She leads efforts to increase Hepatitis B awareness, screening and vaccination, and her club has coordinated several outreach events benefitting the Jade Ribbon Campaign and the Asian Liver Center at Stanford University. Jessica helped organize and publicize a widely viewed webinar hosted by the White House Initiative on Asian Americans and Pacific Islanders on Hepatitis B and Reducing Prenatal Transmission, which featured speakers from the US Department of Health and Human Services and Hep B United.

Even as she embarks on a path to become an aerospace engineer and build the next generation of multi-disciplinary unmanned aircraft, Jessica will always lend a listening ear and an encouraging word to those who need a helping hand. She’ll continue to have her head in the skies, and her heart grounded in the lives of those around her.

Anika Kumar

San Rafael High School, San Rafael

Dissection Access for All. To many, this can seem an odd rallying cry. To students in under served high schools, who may not have access to the hands-on experience that can further a future in the sciences, it can also be a beacon for hope.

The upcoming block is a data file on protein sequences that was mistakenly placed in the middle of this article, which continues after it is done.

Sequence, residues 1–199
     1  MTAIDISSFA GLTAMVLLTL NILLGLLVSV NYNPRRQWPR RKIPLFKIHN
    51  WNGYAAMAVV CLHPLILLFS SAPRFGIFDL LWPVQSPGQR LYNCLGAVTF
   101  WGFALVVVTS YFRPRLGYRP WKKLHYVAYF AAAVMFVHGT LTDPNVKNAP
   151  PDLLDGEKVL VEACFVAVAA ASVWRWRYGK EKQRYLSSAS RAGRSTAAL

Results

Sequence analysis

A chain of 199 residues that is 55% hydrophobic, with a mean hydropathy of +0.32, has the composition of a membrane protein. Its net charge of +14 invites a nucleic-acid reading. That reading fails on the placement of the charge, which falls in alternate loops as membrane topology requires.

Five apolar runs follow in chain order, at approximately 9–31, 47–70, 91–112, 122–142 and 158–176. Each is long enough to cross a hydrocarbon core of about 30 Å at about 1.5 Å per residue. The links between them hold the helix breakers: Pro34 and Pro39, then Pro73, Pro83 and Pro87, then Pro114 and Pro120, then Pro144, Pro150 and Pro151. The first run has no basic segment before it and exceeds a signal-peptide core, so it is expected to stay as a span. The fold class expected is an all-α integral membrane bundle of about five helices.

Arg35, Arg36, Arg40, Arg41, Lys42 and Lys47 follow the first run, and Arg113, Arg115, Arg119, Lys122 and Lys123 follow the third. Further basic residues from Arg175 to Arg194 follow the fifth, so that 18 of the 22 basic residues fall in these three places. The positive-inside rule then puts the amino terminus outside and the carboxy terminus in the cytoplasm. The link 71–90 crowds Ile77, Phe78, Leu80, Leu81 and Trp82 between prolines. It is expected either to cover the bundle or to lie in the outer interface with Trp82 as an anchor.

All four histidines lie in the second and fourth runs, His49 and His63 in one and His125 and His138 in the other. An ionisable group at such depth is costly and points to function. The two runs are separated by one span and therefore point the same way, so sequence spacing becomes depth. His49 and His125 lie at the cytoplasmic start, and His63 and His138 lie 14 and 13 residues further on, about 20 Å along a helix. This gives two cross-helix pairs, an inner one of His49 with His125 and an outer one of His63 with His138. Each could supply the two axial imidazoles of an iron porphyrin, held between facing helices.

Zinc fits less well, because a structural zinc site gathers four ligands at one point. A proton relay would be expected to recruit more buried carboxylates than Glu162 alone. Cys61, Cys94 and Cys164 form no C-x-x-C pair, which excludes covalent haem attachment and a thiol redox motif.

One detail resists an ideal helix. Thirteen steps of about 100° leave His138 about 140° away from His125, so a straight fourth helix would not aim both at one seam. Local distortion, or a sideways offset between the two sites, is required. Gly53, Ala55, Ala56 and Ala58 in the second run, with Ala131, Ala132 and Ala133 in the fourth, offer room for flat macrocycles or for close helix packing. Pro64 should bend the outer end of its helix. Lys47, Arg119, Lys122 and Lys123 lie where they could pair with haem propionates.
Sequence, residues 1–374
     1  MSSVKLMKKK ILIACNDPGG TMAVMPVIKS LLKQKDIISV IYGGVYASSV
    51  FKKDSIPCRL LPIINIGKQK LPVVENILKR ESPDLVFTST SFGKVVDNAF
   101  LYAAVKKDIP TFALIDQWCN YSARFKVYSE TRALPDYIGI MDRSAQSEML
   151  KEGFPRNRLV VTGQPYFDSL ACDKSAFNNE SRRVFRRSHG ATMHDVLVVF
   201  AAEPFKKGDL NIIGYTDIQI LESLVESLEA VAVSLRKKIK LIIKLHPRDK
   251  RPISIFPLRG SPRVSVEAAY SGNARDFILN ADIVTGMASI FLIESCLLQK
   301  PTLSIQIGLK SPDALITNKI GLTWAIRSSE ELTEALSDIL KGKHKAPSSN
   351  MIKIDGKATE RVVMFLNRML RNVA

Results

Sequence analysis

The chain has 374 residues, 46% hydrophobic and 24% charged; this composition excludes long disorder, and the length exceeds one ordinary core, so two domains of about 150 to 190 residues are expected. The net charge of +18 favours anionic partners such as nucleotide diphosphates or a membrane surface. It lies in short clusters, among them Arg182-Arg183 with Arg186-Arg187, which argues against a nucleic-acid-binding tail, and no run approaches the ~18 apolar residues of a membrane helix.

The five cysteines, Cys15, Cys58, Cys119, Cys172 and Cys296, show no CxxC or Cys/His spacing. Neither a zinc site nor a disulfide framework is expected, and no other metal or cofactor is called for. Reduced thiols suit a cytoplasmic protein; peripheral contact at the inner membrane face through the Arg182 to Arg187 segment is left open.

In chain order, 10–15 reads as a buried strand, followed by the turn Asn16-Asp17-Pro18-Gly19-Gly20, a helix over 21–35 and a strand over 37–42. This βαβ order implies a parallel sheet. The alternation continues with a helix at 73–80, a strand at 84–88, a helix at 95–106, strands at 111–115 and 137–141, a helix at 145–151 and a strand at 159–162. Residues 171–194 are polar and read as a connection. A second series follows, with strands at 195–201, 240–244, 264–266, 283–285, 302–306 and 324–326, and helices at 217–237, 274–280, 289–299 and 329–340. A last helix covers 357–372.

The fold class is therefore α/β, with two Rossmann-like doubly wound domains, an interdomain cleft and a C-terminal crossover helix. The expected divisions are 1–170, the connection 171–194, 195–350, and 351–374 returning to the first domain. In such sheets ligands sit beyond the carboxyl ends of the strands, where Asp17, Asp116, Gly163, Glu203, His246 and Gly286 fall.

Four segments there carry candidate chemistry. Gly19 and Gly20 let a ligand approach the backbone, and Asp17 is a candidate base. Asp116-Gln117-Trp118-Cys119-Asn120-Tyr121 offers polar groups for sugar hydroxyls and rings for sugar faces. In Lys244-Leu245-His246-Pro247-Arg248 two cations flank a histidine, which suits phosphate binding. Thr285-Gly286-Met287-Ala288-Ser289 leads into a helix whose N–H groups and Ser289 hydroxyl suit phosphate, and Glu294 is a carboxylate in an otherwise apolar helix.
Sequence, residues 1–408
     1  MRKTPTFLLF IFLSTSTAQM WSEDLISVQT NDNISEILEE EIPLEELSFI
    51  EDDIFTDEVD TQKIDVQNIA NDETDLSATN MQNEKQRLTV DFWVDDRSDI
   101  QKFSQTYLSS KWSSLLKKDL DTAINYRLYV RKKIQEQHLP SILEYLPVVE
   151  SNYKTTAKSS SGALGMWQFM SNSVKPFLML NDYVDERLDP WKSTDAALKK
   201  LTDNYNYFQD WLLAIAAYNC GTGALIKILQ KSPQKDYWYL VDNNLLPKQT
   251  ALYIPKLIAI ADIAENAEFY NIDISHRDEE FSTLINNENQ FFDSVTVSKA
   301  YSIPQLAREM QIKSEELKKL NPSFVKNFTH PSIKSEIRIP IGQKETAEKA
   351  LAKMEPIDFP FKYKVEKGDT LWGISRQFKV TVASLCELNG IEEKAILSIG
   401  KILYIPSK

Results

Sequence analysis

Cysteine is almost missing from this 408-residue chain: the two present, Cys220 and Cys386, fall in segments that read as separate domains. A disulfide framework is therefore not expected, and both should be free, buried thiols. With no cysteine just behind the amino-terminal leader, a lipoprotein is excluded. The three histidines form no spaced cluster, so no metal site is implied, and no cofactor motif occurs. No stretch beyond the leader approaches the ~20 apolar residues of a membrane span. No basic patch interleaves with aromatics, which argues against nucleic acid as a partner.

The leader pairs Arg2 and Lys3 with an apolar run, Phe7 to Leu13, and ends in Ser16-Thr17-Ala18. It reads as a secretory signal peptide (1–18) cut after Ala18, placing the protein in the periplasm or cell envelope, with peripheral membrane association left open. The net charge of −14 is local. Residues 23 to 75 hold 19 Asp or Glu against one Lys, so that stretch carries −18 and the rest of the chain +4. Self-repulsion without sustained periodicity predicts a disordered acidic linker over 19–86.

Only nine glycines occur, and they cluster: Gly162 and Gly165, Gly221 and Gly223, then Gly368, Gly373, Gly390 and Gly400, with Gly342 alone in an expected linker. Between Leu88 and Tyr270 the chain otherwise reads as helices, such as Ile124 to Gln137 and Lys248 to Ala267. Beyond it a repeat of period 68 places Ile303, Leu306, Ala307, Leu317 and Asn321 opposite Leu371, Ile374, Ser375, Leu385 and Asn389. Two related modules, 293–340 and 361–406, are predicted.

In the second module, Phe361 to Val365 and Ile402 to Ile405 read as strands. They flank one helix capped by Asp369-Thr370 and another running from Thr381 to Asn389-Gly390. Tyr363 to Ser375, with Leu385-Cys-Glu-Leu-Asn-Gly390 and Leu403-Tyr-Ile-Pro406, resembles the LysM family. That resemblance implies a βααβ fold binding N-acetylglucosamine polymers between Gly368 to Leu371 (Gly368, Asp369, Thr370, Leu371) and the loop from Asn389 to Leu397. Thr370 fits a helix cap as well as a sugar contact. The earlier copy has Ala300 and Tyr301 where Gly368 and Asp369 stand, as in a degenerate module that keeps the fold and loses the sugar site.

When Anika Kumar and her peers realized that their high school did not have the resources to provide hands-on opportunities to explore anatomy through dissection, they began the search for ways to address this educational inequity. Using high-profile education sites as their model and with help from Next Generation Scholars, Anika and her team created Dissection Access for All, a website that makes scientific procedures accessible to low-income high school students who are passionate about science.

Members of Teachers for Social Justice encouraged the youth group to further publicize their site through links to school websites in several districts, as well as through social media channels. Dissection Access for All combines science and technology that helps bridge the educational inequity gap.

Michelle Nguyen

Mission High School, San Francisco

Michelle Nguyen calls San Francisco’s Tenderloin home. While she celebrates the district’s unparalleled diversity and architectural richness, she also recognizes that it has earned its gritty reputation.

When a research project she conducted revealed that more than 75 percent of Tenderloin residents buy their groceries outside the neighborhood because they couldn’t find healthy affordable food closer to home, Michelle decided to address the phenomenon head-on.

With other residents, she helped create the Tenderloin Healthy Corner Store Coalition. Through endless research, outreach to community leaders and a letter-writing campaign to the departments of Public Health and Public Works, Michelle helped raise money to expand the coalition and, ultimately, to pass city legislation to renovate a corner store into one that fulfills the community’s needs.Michelle hopes this inspires other neighborhoods to create similar change.